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5 must-knows about ordinals for crypto investors in 2024


Ordinals have carved out their own niche in the crypto market over the last year. So what are they all about?

Though they're relatively new arrivals in the crypto space, tokens like ordinals and runes have attracted significant attention. Here are some of the key things to be across as someone in the crypto space.

👋 Hey there! As this article is sponsored by OKX, we'll be using some examples from its products in this article. But always compare your options and do your research. Cryptocurrencies are high-risk investments. Additionally, make sure that you also read the Terms of Service on the OKX website and disclaimers before signing up for this service.

1. What ordinals (and other tokens) are

If you're reading this, you're probably familiar with Bitcoin (and if not, here's a primer).

Just like a dollar can be split into cents, so can an individual Bitcoin be divided into smaller amounts.

The smallest unit of all is a satoshi, equivalent to 0.00000001 of a Bitcoin. In turn, these can be used to create an ordinal, rune or BRC-20.

Now, each of these satoshis already has a unique serial number. So when you use one to create an ordinal, you can attach specific digital data, creating a unique digital product. It's similar to an NFT, but not quite the same (more on that in a bit).

Runes, by contrast, function as something of an upgrade to the prior BRC-20 standard. In practical terms – memecoins and community tokens have arrived for Bitcoin, without the system bloat caused by previous iterations.

You can read a more comprehensive rundown about ordinals and runes right here on Finder.

2. How they fit into the crypto ecosystem

One of the key drivers for interest in ordinals, runes and BRC-20 is the fact that they build on existing ideas in the crypto space. The most obvious comparisons are NFTs and the program-hosting capabilities of ETH, though there are others.

What sets ordinals, runes and BRC-20 apart is the fact that they're attached to Bitcoin, which remains the largest cryptocurrency. Investors and the media often view Bitcoin as the standard for cryptocurrencies – so any new development tends to stir up a lot of interest.

Additionally, because they're attached to satoshis (rather than whole Bitcoins), the price of entry can be more attractive.

3. Where you can buy them

Just like other cryptocurrency products, ordinals and other tokens can be bought via a crypto exchange.

However, if you're interested in investing in ordinals or runes, you should check whether an exchange offers them for sale first. You'll also need to confirm that your crypto wallet is compatible with these products; not all of them are.

One exchange that offers ordinals for sale and trade is OKX. OKX also offers a Web3 wallet that's compatible with ordinals, runes, BRC-20 and many other types of cryptocurrency.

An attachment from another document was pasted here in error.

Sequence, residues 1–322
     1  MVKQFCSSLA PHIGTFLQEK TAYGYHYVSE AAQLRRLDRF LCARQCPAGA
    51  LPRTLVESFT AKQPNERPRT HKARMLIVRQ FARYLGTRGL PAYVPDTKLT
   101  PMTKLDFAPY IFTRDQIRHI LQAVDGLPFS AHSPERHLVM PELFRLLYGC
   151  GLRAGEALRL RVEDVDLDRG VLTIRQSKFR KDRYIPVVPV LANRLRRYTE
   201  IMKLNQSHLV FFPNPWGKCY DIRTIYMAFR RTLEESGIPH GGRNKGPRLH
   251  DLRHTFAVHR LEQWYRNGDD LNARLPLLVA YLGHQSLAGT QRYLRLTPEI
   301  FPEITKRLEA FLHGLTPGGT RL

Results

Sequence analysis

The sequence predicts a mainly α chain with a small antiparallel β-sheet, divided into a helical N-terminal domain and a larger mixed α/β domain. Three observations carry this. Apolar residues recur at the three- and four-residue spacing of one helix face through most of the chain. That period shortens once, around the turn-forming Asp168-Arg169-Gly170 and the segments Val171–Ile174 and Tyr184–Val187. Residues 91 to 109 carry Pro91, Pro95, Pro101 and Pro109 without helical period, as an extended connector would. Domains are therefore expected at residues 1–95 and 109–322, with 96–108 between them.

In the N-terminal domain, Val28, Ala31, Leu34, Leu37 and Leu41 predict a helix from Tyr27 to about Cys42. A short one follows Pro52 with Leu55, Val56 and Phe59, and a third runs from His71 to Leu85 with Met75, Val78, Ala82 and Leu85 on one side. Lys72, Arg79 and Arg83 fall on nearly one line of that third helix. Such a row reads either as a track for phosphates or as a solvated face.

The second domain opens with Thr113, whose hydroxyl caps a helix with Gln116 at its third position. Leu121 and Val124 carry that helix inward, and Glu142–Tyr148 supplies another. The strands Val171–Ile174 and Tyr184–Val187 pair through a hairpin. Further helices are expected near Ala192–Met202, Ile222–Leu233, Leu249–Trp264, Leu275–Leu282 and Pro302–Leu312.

To find out more, you can also read a review of OKX right here on Finder. And we've also got some tips on picking a crypto exchange, too.

It is important to remember that cryptocurrency can be a risky investment; it's worth consulting with a financial professional before investing in crypto to determine whether crypto investment is aligned with your financial goals and risk tolerance.

Learn more about investing in ordinals with OKX

4. What you can use them for

Though plenty of crypto enthusiasts are keen to see cryptocurrencies adopted for everyday payments, this isn't necessarily the majority view anymore. Beyond pure investment, many crypto fans are keen to see how the blockchain can help power (or store) future tech.

The discussion that filters out to the wider public has tended to revolve around the potential for smart contracts, storing programs and in-game features. Hasbro even experimented with including them in action figures – albeit to very mixed consumer response.

In practical terms, ordinals and runes build on previous ideas; they can be used to store artwork, data, audio and in-game assets (such as character avatars). There are limits on the data size, but we're likely to see increased innovation in this space as users grow more creative within the constraints.

5. Why they differ from traditional NFTs

At a surface level, ordinals and NFTs are very similar. They both allow for data to be stored in a digital form, which in turn can be bought, sold or exchanged.

However, there are some differences, primarily between the way they are stored and the functionality they offer.

Ordinals are tied to the Bitcoin blockchain itself, with ownership or transactions verified by external consensus (as are other Bitcoin transactions).

NFTs are hosted along a variety of different blockchains and ownership is typically verified by smart contracts instead. They are also often tied to a physical asset, too, which is stored off the chain.

In turn, this means the data attached to ordinals is part of the Bitcoin blockchain, while NFTs typically store the bulk of their associated data offline.

Both offer different advantages. Ordinals are also relatively new, so it's likely that the full potential of the technology hasn't been explored yet.

Crypto exchanges like OKX are also offering both for sale, so it seems they're likely to coexist in the marketplace.

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